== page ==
KARACHI: Human and child rights activists opposed on Saturday the possible hanging of a convict, who has been sentenced to death despite being a juvenile offender.
Shafqat Hussain, a watchman at a residential complex, was condemned to death by an anti-terrorism court in September 2004 as he was found guilty of killing Umair, son of a car dealer, after he was kidnapped for ransom in April 2004 within the jurisdiction of the New Town police station.
The jail authorities approached the trial court on Dec 19 to get his black warrant as the appeals of the underage convict were turned down by the high judiciary and the mercy petition was rejected by the president.
The convict was said to be 14 years old when he was convicted and his conviction was mainly based upon his own confession, which was allegedly made after nine days of police torture.
Around a decade after signing the United Nations Convention on the Rights of Child in 1990, the Musharraf regime had promulgated the Juvenile Justice System Ordinance (JJSO), 2000 to enable law offenders under the age of 18 to enjoy special treatment in the eyes of law and bar the death penalty.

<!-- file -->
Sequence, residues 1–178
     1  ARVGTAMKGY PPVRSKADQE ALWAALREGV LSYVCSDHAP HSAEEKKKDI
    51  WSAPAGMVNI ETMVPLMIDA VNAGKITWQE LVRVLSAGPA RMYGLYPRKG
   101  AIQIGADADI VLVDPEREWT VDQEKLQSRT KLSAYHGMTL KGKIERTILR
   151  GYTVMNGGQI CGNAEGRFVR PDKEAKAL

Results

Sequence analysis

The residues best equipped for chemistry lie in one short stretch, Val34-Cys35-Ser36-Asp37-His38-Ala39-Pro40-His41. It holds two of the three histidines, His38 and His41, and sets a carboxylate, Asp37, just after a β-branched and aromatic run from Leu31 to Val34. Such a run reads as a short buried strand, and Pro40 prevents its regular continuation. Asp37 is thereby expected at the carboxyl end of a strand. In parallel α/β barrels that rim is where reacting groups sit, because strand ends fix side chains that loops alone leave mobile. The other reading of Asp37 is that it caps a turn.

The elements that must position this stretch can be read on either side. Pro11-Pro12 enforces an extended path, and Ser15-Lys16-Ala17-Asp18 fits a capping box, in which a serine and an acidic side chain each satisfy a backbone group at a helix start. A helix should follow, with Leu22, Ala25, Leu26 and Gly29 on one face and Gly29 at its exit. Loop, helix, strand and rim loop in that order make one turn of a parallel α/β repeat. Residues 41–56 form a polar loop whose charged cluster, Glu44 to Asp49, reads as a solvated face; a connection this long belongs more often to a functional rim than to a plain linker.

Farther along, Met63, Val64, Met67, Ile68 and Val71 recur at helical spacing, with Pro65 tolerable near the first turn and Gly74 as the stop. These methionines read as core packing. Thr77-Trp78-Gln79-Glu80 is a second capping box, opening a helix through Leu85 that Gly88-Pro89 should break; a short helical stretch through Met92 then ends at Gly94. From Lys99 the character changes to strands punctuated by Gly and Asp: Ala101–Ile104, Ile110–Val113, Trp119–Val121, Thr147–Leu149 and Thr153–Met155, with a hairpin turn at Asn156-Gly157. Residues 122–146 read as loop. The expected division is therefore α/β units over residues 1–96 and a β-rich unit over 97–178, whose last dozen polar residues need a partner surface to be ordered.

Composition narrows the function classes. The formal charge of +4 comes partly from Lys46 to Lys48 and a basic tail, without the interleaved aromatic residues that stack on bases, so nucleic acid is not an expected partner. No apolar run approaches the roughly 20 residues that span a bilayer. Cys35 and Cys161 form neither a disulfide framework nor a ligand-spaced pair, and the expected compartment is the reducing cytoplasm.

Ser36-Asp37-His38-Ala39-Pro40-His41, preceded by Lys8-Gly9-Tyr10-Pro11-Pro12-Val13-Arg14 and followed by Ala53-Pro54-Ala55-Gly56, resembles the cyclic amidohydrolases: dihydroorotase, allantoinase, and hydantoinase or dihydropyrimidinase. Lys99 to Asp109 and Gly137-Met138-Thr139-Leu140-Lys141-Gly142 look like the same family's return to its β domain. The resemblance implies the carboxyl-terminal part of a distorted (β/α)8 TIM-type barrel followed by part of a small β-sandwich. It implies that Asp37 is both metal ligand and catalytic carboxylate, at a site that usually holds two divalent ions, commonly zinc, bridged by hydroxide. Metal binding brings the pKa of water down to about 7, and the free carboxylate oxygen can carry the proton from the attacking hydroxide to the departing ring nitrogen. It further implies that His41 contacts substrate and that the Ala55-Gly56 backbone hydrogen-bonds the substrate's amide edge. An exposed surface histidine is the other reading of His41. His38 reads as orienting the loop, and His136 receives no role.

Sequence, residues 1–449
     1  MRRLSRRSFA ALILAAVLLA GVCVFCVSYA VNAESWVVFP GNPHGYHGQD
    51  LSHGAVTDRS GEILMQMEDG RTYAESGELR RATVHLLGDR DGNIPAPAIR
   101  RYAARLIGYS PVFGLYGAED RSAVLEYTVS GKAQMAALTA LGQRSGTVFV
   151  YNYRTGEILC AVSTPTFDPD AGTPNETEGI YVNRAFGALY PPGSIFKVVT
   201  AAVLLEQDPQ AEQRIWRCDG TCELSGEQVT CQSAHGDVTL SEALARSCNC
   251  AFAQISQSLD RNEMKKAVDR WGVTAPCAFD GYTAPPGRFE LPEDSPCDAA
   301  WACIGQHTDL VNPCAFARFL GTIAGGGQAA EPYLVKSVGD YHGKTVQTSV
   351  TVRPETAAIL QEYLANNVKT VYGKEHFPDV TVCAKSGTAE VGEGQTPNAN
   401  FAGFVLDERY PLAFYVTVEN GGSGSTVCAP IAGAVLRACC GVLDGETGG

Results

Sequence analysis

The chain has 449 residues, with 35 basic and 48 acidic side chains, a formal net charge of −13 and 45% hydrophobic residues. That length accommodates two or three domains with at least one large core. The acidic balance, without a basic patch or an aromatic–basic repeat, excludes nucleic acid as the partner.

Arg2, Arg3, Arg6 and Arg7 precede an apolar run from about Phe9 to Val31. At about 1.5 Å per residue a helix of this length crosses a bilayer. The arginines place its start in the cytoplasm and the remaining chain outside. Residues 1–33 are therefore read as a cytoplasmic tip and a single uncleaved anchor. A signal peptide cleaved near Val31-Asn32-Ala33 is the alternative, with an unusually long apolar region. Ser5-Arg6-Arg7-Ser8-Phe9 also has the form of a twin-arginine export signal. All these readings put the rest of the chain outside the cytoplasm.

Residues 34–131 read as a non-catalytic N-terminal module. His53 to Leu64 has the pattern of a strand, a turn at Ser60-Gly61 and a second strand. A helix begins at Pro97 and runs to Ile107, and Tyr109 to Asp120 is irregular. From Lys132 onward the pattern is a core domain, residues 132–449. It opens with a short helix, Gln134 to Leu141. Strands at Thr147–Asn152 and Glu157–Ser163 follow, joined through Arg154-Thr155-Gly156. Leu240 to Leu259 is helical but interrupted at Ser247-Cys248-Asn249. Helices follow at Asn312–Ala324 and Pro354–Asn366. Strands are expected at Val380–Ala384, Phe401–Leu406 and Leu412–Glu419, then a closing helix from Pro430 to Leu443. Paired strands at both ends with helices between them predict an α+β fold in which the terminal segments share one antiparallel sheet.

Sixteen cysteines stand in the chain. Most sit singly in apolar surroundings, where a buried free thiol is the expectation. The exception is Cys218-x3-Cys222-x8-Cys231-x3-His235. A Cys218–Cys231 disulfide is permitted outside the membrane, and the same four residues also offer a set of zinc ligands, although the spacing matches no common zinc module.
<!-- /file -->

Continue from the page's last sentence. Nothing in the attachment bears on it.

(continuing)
However, the JJSO is not considered a perfect piece of legislation as it is badly influenced by the Anti-Terrorism Act, 1997 and other special laws as it has no overriding effect on them.
Human Rights Commission of Pakistan chairperson Zohra Yousuf said the rights body was against any execution in the country and denounced the possible hanging of the convict.
She stated that Pakistan was a signatory to the UN convention on child rights and amendments to the JJSO were necessary as the law would not serve the purpose until it prevailed over all the existing laws.
Anis Jilani of the Society for the Protection of the Rights of the Child said he was surprised over capital punishment awarded to any underage accused as the JJSO barred it. He said the JJSO still had an overriding effect upon all other laws.
Published in Dawn December 21th , 2014